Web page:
It's been years since I have opened any wax, save for the stray pack here or there. And there's countless good reasons for that, but one of the most pressing is the insane price of many of the products coming out. High end wax is, at best, a gamble that people keep coming back for time and time again.
But do you remember what high end products used to look like? The late 90's saw the first wave of truly high end products - great designs, cutting edge technology, and the array of inserts and "hits" that collectors now expect in every pack. One of my favorite such products was 1999 Upper Deck Encore. A condensed version of the Upper Deck base set (a la modern day Topps Chrome), Encore featured rainbow foil base cards, a ton of great looking inserts, and tons of fun.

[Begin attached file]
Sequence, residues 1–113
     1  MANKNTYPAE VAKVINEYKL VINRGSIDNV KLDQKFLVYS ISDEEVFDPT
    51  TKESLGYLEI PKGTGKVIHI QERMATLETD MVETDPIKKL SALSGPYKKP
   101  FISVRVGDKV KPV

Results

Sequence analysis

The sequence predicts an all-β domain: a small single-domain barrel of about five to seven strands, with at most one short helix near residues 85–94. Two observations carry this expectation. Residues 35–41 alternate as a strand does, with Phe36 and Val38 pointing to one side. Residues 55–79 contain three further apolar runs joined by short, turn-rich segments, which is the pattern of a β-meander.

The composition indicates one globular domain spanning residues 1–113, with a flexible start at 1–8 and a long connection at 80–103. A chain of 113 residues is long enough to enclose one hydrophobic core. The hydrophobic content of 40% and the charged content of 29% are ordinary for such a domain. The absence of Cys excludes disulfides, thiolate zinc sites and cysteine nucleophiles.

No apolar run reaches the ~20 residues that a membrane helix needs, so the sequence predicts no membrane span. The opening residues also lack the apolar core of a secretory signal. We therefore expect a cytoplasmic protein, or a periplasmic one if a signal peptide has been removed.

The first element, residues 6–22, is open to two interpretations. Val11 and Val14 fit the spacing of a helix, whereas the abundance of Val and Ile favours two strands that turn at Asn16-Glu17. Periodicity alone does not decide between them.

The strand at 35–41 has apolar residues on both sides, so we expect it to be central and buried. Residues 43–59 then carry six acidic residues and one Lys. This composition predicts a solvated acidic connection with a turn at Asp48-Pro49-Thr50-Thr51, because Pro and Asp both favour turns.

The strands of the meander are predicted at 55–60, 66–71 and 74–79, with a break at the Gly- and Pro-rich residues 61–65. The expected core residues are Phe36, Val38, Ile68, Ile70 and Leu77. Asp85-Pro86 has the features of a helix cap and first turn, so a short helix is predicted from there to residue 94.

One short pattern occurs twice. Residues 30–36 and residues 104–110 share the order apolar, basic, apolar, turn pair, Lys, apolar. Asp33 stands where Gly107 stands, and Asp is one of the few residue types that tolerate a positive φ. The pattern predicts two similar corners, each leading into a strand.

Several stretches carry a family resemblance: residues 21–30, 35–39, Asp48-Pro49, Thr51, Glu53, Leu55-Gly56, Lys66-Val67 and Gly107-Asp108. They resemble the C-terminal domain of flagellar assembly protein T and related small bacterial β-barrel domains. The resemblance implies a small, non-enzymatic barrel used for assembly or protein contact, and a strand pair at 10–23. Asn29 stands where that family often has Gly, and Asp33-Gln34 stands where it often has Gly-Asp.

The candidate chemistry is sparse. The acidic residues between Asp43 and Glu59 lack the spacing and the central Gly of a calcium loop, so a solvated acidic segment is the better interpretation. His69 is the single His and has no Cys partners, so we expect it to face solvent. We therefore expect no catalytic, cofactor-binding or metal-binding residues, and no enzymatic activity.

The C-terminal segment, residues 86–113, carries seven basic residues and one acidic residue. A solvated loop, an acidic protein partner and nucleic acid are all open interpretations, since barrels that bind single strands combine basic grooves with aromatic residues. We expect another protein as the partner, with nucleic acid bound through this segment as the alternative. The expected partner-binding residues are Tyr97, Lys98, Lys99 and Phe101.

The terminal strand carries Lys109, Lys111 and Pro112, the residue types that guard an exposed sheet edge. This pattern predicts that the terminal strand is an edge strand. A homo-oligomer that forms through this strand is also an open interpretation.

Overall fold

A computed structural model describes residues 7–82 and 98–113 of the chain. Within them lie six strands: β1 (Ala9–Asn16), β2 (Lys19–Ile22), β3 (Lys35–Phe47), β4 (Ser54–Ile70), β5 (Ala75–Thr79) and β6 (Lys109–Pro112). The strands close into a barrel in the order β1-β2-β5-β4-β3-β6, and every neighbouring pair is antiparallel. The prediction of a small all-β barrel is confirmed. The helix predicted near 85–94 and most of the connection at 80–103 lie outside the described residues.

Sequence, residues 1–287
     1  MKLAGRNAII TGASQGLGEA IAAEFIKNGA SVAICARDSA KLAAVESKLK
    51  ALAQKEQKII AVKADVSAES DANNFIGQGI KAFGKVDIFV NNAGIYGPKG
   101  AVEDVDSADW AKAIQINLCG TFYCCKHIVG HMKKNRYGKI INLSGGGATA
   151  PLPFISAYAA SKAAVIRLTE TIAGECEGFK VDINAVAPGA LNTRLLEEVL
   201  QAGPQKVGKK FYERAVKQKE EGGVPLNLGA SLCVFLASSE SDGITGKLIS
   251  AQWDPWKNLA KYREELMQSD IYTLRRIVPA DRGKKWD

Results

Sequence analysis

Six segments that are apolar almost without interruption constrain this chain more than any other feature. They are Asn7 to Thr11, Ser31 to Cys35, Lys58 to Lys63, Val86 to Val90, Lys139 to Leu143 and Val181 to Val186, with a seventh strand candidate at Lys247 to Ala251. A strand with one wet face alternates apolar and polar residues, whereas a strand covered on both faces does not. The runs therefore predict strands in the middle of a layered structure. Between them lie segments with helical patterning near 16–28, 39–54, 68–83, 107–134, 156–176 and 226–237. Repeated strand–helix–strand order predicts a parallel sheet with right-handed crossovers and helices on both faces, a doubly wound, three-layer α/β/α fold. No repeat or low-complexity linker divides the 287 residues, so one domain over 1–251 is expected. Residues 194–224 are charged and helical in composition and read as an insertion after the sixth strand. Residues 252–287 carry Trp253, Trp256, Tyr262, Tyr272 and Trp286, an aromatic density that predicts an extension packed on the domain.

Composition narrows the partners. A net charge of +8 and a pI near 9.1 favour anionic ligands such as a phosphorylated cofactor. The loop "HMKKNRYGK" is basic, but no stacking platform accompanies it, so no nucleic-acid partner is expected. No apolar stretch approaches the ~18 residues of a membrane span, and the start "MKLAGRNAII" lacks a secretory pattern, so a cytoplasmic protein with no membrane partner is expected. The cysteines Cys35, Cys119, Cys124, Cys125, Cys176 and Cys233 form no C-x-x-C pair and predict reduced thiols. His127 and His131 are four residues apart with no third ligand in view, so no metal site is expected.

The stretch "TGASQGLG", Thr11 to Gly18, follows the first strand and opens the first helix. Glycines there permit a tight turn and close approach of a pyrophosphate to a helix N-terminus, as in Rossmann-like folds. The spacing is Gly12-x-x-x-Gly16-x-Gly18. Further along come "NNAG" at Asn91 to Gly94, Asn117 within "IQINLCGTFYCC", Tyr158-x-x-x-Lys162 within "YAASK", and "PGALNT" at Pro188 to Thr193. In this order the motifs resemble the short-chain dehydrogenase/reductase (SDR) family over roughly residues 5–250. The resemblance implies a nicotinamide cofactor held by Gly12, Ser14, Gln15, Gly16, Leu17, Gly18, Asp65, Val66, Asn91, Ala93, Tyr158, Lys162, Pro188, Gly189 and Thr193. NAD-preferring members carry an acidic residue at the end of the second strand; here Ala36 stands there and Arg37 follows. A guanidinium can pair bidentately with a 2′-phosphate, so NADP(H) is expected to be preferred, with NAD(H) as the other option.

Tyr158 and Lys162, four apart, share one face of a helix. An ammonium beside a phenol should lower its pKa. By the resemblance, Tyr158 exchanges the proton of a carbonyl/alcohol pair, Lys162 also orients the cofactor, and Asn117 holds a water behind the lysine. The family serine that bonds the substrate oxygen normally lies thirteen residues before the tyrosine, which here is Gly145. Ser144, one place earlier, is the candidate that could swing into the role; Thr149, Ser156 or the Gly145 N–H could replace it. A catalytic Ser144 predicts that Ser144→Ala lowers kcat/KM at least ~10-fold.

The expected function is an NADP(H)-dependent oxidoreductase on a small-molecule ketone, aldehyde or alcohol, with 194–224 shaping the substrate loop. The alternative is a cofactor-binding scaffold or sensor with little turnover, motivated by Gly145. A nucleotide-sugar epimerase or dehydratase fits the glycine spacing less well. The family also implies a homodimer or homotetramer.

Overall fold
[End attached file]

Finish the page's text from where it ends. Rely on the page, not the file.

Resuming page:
Like so many 90's products, the set was light on Pirates. Half a dozen base cards, zero inserts - and one of my all-time favorite parallels. Encore Gold cards were numbered /125, and a relatively tough pull at the time. The cards featured the same rainbow foil as the base cards with a gold background. But even the base cards put most modern inserts to shame.
I opened a box of 99 Encore a few years back, and it was one of the most fun breaks I've had to date. The box yielded a complete base set, minus SP'd rookie cards, around 2 dozen great looking inserts, a Travis Fryman Encore Gold, and a Tony Clark game used hat card. In 1999, the box would have been a goldmine. Still, well worth the $20 or so I paid for the box, and a blast to see many of my favorite players from the late 90's coming out of packs that never would have been in my card budget at the time.
It's nice to see Topps putting some more creativity into inserts - sharper designs, more die cuts, and some cool throwback concepts have made their way into sets over the last few years. Still, I'd much rather see high end sets that look like this than the busy designs with a couple splinters of wood and a hideous autograph sticker that come out of most "high end" products these days.